I was alone with my canoe and felt as if in the presence of enchantment and wonder. A good canoe floats on the water, not a part of it, not apart from it; floats like a needle in a compass, quivering as if with life, like the tail of a dog on point swinging and seemingly tentative but pointing, invariably, true. Follow the canoe as you follow a compass needle; all will be as it should. Follow it as you would a bird dog on scent; all will be well.

I followed my canoe that afternoon against a gentle current of moving water, over water in varied shades of darkness, from a blue-black to gunmetal charcoal to the color of root beer, under blue sky that showed cloud at the horizon.

Canoes are simple; no moving parts. My Magic is built of Kevlar and yet connects to bark canoes of ancient times in a way my pickup truck does not connect with a Model T. A good canoe is a simple solution to a complex problem, the problem being the complexities and vagaries of lives we lead.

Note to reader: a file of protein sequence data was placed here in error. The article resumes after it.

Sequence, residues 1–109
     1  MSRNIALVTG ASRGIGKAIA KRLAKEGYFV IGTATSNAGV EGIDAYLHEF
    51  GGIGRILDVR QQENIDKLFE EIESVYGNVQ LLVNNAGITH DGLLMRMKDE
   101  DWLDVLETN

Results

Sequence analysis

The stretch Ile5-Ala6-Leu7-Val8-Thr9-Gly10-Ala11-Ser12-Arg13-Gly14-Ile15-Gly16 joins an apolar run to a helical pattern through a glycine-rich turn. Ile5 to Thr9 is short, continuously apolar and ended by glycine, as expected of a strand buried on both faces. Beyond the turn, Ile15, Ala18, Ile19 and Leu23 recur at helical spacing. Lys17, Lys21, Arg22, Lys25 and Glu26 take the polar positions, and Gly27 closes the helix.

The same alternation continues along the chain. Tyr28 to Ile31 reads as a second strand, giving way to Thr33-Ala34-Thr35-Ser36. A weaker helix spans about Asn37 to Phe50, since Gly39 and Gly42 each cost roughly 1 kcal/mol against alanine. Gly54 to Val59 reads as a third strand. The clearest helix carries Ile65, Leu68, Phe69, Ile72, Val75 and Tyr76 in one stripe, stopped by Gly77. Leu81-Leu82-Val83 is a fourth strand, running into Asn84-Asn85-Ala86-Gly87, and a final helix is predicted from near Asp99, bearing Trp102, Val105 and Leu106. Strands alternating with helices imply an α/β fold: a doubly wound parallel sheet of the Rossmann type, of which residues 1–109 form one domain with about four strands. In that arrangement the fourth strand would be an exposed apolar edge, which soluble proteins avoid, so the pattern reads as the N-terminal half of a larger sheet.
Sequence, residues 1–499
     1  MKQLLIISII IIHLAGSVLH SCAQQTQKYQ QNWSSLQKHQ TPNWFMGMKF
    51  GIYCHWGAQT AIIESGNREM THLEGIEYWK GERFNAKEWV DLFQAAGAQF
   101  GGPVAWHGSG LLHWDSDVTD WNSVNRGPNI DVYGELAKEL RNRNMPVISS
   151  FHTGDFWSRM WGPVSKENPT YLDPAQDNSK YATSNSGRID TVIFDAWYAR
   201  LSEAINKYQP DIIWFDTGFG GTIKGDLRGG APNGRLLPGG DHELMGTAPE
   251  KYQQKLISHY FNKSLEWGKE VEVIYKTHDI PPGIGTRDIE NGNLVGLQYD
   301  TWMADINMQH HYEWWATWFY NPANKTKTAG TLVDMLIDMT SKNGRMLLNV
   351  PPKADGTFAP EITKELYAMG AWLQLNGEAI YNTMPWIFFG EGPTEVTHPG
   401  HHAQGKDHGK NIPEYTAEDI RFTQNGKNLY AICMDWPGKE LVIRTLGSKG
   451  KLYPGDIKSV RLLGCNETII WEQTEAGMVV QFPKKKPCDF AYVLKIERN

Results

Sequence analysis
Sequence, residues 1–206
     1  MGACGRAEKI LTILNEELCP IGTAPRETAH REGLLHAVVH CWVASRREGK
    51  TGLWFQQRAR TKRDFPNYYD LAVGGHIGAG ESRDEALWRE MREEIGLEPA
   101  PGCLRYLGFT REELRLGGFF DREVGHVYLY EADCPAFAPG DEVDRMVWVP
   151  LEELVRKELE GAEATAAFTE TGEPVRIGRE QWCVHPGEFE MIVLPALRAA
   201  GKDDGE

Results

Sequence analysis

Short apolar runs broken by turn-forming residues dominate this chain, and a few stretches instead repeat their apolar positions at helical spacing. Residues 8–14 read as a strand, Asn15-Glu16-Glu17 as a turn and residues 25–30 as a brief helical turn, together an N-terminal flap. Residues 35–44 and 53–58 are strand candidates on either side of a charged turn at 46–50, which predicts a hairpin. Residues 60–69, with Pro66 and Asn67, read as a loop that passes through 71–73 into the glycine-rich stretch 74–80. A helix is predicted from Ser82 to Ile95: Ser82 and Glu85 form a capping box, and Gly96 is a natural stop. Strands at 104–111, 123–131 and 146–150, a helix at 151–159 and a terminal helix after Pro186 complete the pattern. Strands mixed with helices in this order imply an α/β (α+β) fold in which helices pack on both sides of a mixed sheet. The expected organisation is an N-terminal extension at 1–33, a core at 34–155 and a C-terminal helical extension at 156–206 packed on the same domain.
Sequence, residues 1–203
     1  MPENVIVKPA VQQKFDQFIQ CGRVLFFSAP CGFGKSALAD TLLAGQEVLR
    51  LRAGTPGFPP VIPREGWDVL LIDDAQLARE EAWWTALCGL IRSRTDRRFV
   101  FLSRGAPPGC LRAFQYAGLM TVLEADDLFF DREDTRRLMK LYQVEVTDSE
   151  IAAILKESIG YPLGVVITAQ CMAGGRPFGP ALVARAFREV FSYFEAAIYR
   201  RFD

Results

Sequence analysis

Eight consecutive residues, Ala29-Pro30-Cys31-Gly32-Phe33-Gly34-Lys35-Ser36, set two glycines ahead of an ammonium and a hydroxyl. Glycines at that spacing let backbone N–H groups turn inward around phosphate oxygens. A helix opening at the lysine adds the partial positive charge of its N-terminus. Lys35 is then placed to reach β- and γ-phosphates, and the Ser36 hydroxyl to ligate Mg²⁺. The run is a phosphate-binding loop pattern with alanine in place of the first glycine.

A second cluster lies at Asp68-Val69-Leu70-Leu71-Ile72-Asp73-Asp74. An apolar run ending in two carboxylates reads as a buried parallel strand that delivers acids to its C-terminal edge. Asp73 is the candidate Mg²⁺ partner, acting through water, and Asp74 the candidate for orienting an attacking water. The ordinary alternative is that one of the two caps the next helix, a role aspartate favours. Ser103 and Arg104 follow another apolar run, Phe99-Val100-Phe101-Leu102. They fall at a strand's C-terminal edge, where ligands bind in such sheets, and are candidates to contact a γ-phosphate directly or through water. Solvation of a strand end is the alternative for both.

We will never float in space, poised over eternity; we will never lift wings and fly. The best we can be is in a canoe over dark water, as if weightless, untethered, free in a way we can never be on solid ground. In this, magic.

Lady...

Lady was always the first one to wake. I’d walk downstairs in the dawning and turn on the lights in the kitchen. I’d start coffee and I’d hear a gentle meow and turn and Lady would be there, walking soft on little white cat feet, noiseless as a snowflake come to earth. The dogs would be sleeping; Sally still in bed. It was me and Lady in the time before sunrise.